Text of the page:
A long-awaited trip to Ireland turned into a disappointing ordeal for Doug Lee, 76, and his wife Nancy, residents of Souris, P.E.I., due to a minor discrepancy in Doug’s airline ticket. The couple’s dream, which doubled as a belated honeymoon 50 years in the making, was halted at Halifax airport last August when a three-letter difference between Doug’s ticket and his passport prevented them from boarding their flight.
A Discrepancy with Dire Consequences
Doug’s airline ticket, issued for a codeshare flight operated by Porter Airlines and booked through Air Transat, bore the name “Doug” Lee. However, his passport read “Douglas” Lee. This inconsistency led to their denial of boarding, a decision firmly rooted in federal law requiring a match between a passenger’s ticket and their government-issued identification.
According to Doug Lee, the shock was profound. “That kind of caught me by surprise,” he said, recalling the surprise and frustration of the moment.
Efforts to Rectify the Situation
The couple, along with their friends, engaged in a frantic, more than five-hour long effort to resolve the issue before the flight’s departure. Their plight was compounded by the complexity of their codeshare flight arrangement — a growing trend among airlines post-pandemic, as noted by aviation experts. Despite efforts, including a correction in Air Transat’s system and numerous appeals to airline staff, the correction was not reflected on Porter Airlines’ end.
Air Passenger Rights Advocate Weighs In
Air Passenger Rights advocacy group president Gábor Lukács emphasized the responsibility of airlines to correct minor issues like this. “An airline can’t walk away from a contract by way of a clerical error,” Lukács said, underscoring the need for airlines to cooperate reasonably in such situations.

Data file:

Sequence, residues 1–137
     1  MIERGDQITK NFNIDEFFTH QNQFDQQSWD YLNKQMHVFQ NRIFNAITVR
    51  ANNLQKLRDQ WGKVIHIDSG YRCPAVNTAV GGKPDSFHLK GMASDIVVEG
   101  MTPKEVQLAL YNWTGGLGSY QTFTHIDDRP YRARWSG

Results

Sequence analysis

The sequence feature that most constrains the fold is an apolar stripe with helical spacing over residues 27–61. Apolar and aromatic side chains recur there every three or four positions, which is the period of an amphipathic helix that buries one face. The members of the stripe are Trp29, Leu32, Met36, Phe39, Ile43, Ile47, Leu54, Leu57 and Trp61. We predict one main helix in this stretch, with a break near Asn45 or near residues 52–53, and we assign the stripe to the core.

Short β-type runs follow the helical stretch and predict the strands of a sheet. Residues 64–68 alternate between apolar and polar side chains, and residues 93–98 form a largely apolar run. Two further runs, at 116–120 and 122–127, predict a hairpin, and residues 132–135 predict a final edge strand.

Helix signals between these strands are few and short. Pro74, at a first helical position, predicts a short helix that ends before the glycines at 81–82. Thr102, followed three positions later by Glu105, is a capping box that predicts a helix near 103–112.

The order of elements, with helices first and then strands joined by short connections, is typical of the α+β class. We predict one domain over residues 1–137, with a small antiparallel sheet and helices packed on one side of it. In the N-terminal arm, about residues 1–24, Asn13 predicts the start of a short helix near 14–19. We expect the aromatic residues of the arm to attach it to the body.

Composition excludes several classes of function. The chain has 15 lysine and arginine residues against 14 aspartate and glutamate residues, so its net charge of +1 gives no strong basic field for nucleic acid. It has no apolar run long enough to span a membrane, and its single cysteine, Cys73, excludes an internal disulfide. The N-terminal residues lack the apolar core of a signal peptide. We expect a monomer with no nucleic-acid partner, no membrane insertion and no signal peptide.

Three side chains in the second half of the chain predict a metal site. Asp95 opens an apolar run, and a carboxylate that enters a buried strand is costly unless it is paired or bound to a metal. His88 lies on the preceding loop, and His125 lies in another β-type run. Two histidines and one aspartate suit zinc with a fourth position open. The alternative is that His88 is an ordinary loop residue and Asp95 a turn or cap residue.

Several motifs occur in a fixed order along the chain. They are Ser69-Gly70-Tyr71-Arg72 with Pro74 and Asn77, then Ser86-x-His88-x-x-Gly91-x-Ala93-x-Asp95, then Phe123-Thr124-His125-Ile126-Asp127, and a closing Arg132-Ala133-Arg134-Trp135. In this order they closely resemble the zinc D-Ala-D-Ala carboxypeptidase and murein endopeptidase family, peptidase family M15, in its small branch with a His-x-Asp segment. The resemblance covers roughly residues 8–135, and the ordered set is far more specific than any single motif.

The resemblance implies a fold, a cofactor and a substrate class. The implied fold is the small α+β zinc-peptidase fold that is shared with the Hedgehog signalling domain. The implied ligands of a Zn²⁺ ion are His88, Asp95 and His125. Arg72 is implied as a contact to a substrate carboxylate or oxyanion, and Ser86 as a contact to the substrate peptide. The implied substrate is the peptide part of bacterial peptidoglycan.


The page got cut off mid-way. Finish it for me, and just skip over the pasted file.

A Heartbreaking Outcome
The resolution never came, and Doug and Nancy Lee had to bid a tearful farewell to their friends, missing out on the $10,000 trip. Nancy Lee described the moment as “heartbreaking” and “unfair.”
Communication Breakdown Among Airlines
Brad Cicero, Porter Airlines’ director of communications, indicated that Air Transat was responsible for facilitating corrections as it “owns the ticket.” However, Bernard Côté, director of communications for Air Transat, noted that both airlines are updating procedures for name changes. This statement, however, did not clarify why such a system was not in place earlier.
The Role of the Booking Agent
FlightHub, the online travel agency through which the tickets were booked, was also implicated. Air Transat suggested that FlightHub should have made the correction. However, the agency indicated that it was too close to the flight’s departure to amend the ticket when contacted by the Lees at the airport.
Expert Opinion on Customer Service
Customer retention specialist Anne Miner described the situation as “egregious,” criticizing the poor handling by the airlines. She suggested that Air Transat and Porter need to make significant efforts to rectify the situation and protect their reputations.
Partial Compensation and Ongoing Frustration
Following inquiries by CBC News’ Go Public, Air Transat agreed to refund the cost of the couple’s tickets, approximately $2,200, as a goodwill gesture. This, however, fell short of covering the near $8,000 loss for the Irish tour. Lukács called the offer “an insult,” advocating for full compensation to make the couple whole.